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Market leader: the Austro-Hungarian Bank and the making of foreign exchange intervention, 1896–1913

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This article challenges the conventional view that the gold standard was stabilized by quasi-automatic central bank intervention and/or private arbitrage whenever the spot exchange rate reached the ‘gold points’. New archival evidence on the central bank of Austria–Hungary between 1896 and 1913 documents the use of sophisticated instruments such as foreign exchange forward and repo (sale-repurchase) contracts and a quest for market dominance both with respect to reserves held and the share in market turnover. The resulting change in the working of the foreign exchange market is shown to have supported the conduct of monetary policy, underlining the importance of market micro structure in the design and conduct of monetary policy. The picture that emerges is that of a much more ‘modern’ approach to exchange rate stabilization during the classical gold standard than is traditionally recognized.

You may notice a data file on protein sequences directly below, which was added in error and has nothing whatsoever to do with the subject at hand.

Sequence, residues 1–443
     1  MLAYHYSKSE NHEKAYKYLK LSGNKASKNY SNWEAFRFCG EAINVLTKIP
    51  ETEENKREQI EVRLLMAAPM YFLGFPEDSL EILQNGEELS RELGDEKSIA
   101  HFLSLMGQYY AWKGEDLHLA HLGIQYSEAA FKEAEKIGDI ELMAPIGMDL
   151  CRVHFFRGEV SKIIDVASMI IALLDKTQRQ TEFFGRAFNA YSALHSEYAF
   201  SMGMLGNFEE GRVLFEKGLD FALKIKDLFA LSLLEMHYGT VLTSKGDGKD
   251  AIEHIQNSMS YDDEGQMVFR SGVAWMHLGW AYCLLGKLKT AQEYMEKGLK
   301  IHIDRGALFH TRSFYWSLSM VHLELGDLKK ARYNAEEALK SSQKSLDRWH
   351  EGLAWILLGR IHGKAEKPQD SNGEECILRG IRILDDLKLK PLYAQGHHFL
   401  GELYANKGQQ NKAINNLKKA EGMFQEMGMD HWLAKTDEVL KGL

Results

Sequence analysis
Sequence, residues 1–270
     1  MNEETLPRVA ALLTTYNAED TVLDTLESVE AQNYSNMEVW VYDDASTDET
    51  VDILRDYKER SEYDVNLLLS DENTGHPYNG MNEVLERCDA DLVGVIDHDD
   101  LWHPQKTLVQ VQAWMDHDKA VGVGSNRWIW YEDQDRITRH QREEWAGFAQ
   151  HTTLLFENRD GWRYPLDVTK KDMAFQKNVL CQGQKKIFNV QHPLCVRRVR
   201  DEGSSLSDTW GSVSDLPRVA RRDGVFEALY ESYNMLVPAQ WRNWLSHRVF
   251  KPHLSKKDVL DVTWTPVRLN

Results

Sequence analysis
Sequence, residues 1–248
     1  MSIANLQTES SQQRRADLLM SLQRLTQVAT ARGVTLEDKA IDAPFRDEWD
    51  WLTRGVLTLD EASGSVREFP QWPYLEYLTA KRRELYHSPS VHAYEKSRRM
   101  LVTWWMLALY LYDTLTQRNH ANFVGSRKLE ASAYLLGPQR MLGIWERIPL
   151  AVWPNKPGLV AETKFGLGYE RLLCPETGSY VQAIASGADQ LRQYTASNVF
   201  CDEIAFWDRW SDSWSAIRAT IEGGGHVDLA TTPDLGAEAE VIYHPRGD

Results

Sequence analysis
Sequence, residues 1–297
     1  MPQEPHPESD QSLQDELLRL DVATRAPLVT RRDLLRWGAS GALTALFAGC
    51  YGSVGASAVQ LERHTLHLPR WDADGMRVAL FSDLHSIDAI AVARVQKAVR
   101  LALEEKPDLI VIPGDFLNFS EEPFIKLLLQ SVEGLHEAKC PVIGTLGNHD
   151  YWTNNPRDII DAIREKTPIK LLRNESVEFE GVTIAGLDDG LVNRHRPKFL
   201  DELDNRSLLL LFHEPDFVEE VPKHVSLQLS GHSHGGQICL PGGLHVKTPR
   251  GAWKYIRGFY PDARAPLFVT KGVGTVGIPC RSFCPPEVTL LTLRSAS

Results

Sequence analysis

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Article provided by Cambridge University Press in its journal European Review of Economic History.

Volume (Year): 13 (2009)
Issue (Month): 03 (December)
Pages: 287-318

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Handle: RePEc:cup:ereveh:v:13:y:2009:i:03:p:287-318_99
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